Creating Engaging English Lessons While Traveling

Are you an English teacher that loves to travel? Or did you swap the actual classroom for a digital classroom so you could travel the world, for example via the NET scheme Hong Kong development? Then you are in the perfect position to create more engaging English lessons as you incorporate your travel experiences. This article will explain why traveling can be so enriching for teachers and how you can use your travel experiences in your lessons. 

The benefits of traveling for English teachers

Traveling gives the opportunity to immerse yourself in diverse cultures. This is especially beneficial for teachers, because it can give a deeper understanding of their students’ backgrounds and perspectives. Cultural immersion allows teachers to use authentic cultural content in their lessons. This can either be relatable to students who share that culture, or exotic and interesting to students who are from a different culture. Either way, the use of cultural content in your lessons makes them more engaging and therefore interesting for your students. 

Traveling or living in a foreign country also brings you into contact with a wide range of dialects, accents, and new languages, which can be advantageous for language teachers. Secondly, you’ll most likely come into contact with different teaching methods and educational systems, which can be inspiring. Teaching is always evolving, and incorporating innovative teaching techniques in your own classroom will only help your students that much better.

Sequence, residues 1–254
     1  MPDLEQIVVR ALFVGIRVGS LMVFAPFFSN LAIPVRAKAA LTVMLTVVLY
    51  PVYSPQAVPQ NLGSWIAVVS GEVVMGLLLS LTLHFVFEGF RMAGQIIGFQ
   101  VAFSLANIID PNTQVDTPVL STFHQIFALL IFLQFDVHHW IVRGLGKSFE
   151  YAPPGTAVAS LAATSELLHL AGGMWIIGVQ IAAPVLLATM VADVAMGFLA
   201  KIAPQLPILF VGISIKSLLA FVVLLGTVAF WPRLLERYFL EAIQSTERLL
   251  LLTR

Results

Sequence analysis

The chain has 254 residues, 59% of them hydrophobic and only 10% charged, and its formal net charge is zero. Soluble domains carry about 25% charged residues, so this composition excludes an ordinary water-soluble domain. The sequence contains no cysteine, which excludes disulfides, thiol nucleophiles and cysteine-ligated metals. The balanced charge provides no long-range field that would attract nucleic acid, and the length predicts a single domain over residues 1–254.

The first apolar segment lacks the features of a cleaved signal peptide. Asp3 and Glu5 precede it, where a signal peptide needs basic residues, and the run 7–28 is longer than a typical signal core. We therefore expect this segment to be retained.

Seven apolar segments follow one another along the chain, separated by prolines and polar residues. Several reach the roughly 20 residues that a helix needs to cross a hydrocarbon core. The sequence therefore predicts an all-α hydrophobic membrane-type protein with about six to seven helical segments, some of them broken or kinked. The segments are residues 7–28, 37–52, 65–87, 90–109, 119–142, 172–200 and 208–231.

How to create engaging English lessons while traveling

  1. Use authentic materials

As mentioned before, the use of authentic cultural content will make a lesson more engaging. By bringing back authentic materials from your travels or incorporating local materials if you’re teaching abroad, you can immerse your students more fully. 

If you are teaching English as a foreign language abroad, you can use items such as menus, brochures, maps or newspapers as a translation exercise. Let your students translate these familiar, authentic materials into English. Incorporating these practical, real-life resources will bring the language to life and make the lessons more relatable for your students. 

If you are teaching English in an English-speaking country and you’ve just gotten back from holiday, you can use authentic materials you’ve found during your travels in your lessons. For example, bring your souvenirs to the classroom and talk about them. 

  1. Roleplay a cultural exchange

When we ask someone “how was your holiday?”, they usually have a lot of things to say. Use that inspiration to roleplay a cultural exchange with your students. Re-create situations you’ve encountered on your travels and let your students improvise on how they would handle it. You can even incorporate photos and videos to make it a more immersive experience. 

Typical examples of situations are ordering food at a restaurant or asking the way to your hotel, but there are no limits to what you can roleplay. For example, why not pretend you’ve just met an interesting friend from another country and you want to explain more about your own country and convince them to come with you? 

  1. Virtual tours